With fall just around the corner, concerns are once again rising of a possible “twindemic” -- a COVID-19 pandemic coupled with flu endemic -- which never materialized last year.
In Korea and across the Northern Hemisphere, the last flu season, which would have taken off around November and run through spring, was almost non-existent.
Widespread behavioral changes such as crowd avoidance, hand hygiene and masking put in place to keep COVID-19 at bay seem to have stifled other respiratory viruses, too, according to Dr. Chun Byung-chul of the Korean Vaccine Society.
Over the 2020-21 season, the number of influenza-like illness cases peaked at just 3.3 per 1,000 outpatients, compared to the previous year’s peak of 49.8 cases, according to the Korea Disease Control and Prevention Agency’s surveillance.
Chun said the flu’s low profile over the past year and a half meant a larger pool of people who have not been exposed to the infection. “Since fewer people have been infected, there’s probably less herd protection,” he said. Herd immunity against the flu was achieved through a combination of both vaccinations and natural infection.
The government has promised that social distancing and other measures to beat back the spread of COVID-19 would ease gradually after vaccinations pass a certain target later in the fall. As the protective rules ease, flu cases were bound to bounce back, Chun said.
“Staying clear of the flu will be a priority in the upcoming season, as we might be heading into a more severe one,” he said. “Once you are vaccinated against COVID-19, try not to skip your flu shot either.”
According to the central disease control agency guidance, people can receive COVID-19 and flu vaccinations at the same time.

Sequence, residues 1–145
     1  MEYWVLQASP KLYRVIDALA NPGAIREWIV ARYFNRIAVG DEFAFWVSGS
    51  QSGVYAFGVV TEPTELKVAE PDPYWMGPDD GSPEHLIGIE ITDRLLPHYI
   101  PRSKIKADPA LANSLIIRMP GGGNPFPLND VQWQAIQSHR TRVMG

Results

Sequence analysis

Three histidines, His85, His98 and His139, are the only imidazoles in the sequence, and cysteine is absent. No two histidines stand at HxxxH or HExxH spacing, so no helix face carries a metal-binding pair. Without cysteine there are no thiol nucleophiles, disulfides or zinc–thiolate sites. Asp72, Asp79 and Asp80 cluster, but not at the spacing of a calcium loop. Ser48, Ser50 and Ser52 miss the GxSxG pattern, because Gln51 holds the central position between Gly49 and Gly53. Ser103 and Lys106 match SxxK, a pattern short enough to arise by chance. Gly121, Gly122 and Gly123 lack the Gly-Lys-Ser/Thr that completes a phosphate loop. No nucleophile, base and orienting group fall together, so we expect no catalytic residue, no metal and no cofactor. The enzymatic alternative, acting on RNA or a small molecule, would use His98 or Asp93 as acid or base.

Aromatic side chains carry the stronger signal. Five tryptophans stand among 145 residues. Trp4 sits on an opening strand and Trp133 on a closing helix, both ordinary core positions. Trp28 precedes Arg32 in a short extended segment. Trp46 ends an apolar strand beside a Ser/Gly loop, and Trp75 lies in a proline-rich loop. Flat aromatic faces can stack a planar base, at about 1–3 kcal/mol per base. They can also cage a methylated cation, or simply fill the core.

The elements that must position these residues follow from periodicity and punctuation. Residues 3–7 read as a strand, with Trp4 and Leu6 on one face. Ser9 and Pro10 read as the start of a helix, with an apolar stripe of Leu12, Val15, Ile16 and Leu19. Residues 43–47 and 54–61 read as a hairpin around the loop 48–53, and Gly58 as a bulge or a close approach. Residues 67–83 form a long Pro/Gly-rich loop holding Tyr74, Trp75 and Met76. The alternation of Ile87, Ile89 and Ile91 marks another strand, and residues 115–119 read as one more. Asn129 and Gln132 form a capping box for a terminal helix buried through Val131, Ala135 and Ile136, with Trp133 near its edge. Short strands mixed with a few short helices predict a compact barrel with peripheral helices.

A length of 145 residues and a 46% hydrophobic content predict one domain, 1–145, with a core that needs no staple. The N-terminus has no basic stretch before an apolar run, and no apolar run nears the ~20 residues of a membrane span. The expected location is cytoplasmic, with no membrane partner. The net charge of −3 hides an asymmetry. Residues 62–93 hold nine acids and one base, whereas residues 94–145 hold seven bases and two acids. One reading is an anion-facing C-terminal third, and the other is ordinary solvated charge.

Waiting two weeks until a different vaccination was not a bad idea, Chun said. Children up to 12 years of age and elderly people aged 65 and above were especially vulnerable. September to November is the prime time to get the flu shot.
Infectious disease professor Dr. Kim Woo-joo of Korea University warned that coinfection with the flu and COVID-19 was rare but possible, and urged people to get vaccinated against both regardless of their health status.
Meanwhile high demand for flu shots has left clinics nationwide scrambling to find adequate supplies.
Dr. Kim Dong-suk, heading the largest association of general practitioners, said flu vaccines were not only priced higher, they were hard to come by. This year the flu shot makers were charging 17,000 won ($14.70) per prefilled syringe, he said, exceeding the usual cost of around 11,000 won.
“Member doctors and I can’t wrap our heads around why flu shots would be in short supply this time,” he said.
Last year, a temporary shortage occurred after some 1 million doses of flu vaccine were recalled over contamination and heat exposure. But there has been no such known incident with this year’s batch to date.
Primary care physician Dr. Jang Hyun-jae, whose office is in Nowon-gu, northern Seoul, said he was told he would be only getting 60 to 70 percent of the total order he placed. “Usually medical institutions stock up on flu shots around late August, but it seems like there are some issues with distribution,” he said.
A senior official within the Ministry of Drug and Safety said about 8 million flu vaccine doses had been shipped across the country in late August, and that 12 million more doses were set to become available from this month.
The official said local drugmaker SK Bioscience is withdrawing from flu vaccine production this season as final clinical trials for its COVID-19 vaccine candidate are underway. That may be the cause for a shortage being reported at the moment.
Six months into the national program, Korea vaccinated 56 percent of its 51 million people with at least one dose of a COVID-19 vaccine to date, while 29 percent were fully vaccinated. The goal is to give more than 70 percent before Sept. 18, when this year’s Chuseok holiday comes around.
The vaccination program, which currently covers adults aged 18 and older, is being expanded from October to include pregnant women and minors as young as 12.
By Kim Arin (firstname.lastname@example.org